Another month passed already, so here are Feb’s posts.
When ICS was launched it delivered on of the values of PaaS namely you didn’t need to worry about setting up storage, database and compute, it was all sorted out for you. Admittedly it come with a lack of elasticity when it came to resilience and scaling. In contrast Services such as SOA CS which required you to go through each of the layers, but gave you a degree of flexibility. The whilst simpler than building SOA on-premises it still represents a laborious and fiddly process that took time.
When OIC (Oracle Integration Cloud) arrived and the introduction Universal Credits we had a pricing model that made it a lot easier to be elastic in terms of approach to resourcing, but a deployment model that following SOA CS rather than ICS. To an extend, one step forward, and another back.
Fortunately we are seeing head way that means we have recovered that backward step.
Earlier in 2017, the Oracle A-Team released a Python library that abstracts the ICS REST API to make some management tasks that you may wish to perform easier. For example, identifying a set of integrations and activating or deactivating them, or simply importing and exporting them. In this Definitive Tip, we will look at the REPL tool and its benefits. The REPL tool can be downloaded here.
Getting setup on Windows at least is a little fiddly as you need to install Python and then depending upon your version of Python update the installer and retrieve a number of additional libraries. REPL itself is available here.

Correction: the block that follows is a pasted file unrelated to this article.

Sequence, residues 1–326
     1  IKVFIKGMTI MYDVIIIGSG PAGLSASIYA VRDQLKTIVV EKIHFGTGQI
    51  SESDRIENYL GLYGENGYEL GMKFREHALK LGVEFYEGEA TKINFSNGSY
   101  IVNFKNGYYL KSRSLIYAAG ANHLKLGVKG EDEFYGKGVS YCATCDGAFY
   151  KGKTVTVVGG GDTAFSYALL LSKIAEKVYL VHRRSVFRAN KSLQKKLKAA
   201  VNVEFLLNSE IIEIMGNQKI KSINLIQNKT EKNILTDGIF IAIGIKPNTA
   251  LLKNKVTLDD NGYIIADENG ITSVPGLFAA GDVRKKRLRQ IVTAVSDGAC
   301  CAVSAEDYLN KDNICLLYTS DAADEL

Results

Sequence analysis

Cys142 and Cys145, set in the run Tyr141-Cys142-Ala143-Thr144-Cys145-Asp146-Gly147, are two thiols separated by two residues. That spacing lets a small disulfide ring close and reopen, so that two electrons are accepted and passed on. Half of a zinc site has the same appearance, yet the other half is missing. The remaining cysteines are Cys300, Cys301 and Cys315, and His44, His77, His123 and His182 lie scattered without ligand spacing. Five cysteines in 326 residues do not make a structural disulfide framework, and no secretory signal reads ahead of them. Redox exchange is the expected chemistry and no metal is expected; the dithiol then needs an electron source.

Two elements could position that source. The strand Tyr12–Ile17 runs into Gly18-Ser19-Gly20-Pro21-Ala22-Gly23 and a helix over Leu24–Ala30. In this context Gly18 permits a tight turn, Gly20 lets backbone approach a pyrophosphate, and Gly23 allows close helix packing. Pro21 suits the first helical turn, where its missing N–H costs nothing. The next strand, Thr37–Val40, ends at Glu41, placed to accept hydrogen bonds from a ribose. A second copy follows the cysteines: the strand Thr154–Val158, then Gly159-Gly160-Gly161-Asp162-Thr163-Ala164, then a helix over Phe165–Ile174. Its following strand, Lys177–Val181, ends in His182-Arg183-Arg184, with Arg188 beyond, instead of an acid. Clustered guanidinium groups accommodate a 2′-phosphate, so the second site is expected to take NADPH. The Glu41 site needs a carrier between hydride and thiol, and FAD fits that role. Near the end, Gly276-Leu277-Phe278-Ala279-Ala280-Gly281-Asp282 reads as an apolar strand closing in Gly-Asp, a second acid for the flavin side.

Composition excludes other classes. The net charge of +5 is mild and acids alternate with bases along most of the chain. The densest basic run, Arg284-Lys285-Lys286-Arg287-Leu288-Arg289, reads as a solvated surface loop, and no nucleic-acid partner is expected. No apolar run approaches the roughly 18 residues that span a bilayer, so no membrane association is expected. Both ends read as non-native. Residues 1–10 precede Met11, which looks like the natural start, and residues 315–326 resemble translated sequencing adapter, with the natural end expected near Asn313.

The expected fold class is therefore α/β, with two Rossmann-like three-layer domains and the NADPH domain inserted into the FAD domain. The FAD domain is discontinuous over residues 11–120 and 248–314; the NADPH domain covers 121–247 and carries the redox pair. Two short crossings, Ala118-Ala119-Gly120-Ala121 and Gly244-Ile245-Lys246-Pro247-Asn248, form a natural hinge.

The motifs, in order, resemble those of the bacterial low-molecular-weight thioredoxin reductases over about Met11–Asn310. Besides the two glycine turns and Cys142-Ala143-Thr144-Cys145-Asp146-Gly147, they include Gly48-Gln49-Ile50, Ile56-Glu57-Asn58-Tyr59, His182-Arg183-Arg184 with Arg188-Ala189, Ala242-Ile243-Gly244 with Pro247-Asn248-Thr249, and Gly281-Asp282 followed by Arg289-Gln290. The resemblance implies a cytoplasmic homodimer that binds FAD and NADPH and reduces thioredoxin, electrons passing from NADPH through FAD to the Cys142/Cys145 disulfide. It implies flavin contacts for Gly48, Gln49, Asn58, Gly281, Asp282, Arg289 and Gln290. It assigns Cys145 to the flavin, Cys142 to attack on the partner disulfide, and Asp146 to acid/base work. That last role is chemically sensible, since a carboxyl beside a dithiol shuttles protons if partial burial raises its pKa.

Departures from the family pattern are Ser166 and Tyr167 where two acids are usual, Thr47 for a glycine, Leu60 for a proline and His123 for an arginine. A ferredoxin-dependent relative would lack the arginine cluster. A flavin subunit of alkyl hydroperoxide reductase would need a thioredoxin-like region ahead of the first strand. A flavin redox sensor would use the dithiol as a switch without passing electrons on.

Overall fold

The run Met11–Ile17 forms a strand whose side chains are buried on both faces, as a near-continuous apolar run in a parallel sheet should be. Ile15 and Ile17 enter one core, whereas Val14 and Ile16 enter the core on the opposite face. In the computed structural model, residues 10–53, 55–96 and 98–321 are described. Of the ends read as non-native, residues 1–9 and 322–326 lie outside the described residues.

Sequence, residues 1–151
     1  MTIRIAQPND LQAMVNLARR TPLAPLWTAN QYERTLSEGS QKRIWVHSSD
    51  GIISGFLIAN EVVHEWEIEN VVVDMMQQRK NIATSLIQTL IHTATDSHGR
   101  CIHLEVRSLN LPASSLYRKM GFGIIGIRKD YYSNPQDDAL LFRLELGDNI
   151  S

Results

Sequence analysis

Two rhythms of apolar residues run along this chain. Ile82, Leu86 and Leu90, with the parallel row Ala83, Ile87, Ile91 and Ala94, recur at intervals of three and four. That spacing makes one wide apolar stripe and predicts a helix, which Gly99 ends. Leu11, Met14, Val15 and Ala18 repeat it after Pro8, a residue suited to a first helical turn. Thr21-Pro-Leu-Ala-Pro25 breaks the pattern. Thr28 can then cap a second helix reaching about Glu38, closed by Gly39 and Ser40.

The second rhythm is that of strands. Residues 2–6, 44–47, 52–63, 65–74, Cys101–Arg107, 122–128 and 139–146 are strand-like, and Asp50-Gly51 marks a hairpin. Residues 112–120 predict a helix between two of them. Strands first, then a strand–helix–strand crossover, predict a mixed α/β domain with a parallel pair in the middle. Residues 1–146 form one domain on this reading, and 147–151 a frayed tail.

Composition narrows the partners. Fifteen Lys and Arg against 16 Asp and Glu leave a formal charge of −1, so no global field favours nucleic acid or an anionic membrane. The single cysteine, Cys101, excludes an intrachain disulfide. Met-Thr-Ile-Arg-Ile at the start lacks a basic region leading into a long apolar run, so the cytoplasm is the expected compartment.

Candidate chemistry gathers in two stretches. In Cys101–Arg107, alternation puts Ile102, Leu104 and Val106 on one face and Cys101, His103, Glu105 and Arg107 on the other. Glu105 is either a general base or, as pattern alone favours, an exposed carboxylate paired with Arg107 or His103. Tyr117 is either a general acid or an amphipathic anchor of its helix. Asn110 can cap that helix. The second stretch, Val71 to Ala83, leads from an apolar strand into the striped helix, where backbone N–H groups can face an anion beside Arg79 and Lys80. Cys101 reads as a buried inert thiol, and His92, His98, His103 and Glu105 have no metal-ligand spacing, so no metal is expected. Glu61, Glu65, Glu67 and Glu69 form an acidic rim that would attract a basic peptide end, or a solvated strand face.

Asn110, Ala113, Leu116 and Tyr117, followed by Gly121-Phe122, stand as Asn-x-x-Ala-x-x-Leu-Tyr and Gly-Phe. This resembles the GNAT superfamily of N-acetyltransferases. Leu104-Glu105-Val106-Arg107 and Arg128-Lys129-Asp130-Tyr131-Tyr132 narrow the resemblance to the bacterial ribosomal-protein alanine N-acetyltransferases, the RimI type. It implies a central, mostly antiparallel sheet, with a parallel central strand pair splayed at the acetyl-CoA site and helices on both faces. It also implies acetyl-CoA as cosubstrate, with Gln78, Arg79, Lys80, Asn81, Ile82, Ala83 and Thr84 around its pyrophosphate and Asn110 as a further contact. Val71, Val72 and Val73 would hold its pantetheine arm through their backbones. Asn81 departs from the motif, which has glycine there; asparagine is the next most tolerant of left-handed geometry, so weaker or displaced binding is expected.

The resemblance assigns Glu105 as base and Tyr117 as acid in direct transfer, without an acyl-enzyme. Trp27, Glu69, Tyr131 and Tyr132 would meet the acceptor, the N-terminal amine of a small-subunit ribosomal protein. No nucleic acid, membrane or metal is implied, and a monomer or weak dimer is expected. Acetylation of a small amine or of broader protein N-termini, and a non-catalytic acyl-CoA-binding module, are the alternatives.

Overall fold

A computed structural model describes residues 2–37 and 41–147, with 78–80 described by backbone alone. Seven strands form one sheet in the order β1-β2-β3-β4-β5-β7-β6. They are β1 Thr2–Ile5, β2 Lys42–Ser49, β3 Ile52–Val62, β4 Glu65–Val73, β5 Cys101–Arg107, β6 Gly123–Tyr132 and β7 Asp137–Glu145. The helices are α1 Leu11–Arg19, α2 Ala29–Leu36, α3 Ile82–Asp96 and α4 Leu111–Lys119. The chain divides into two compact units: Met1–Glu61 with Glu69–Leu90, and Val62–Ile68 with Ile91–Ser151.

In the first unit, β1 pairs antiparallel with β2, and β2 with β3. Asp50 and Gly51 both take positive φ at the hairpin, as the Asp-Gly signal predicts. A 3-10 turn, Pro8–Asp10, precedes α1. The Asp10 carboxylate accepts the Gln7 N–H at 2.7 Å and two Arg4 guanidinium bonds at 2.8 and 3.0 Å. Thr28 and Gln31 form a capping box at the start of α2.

Good development practises such as configuration management and naming conventions have been a topic of conversation a number of times recently for us when it comes to ICS. In this post we will look at what configuration management means to ICS and the application of naming standards.
Why Configuration Management?
So why do we need configuration management with a tool such as ICS? The question depends on what stage of the software lifecycle you are, but a few reasons:
- As a developer there have been occasions where we have tried to optimise something and then decided to reverted back to the last secured state in configuration control.
- Deleted something and then regretted it, whilst desktops have the concept of paper basket to recover from, not so in ICS.
- If your providing packages of ICS functionality you may have different released versions – so need to keep master copies of every version available to refer to.
- Sometimes we get ‘configuration drift’ – and therefore need to have a reference point to compare to. This allows us to determine the drift and if it is appropriate to reset an environment. Whilst this may sound less significant, it is enough of a problem for tools like Puppet to incorporate the ability.
- Tracking what versions of integrations are running in a development vs production environment.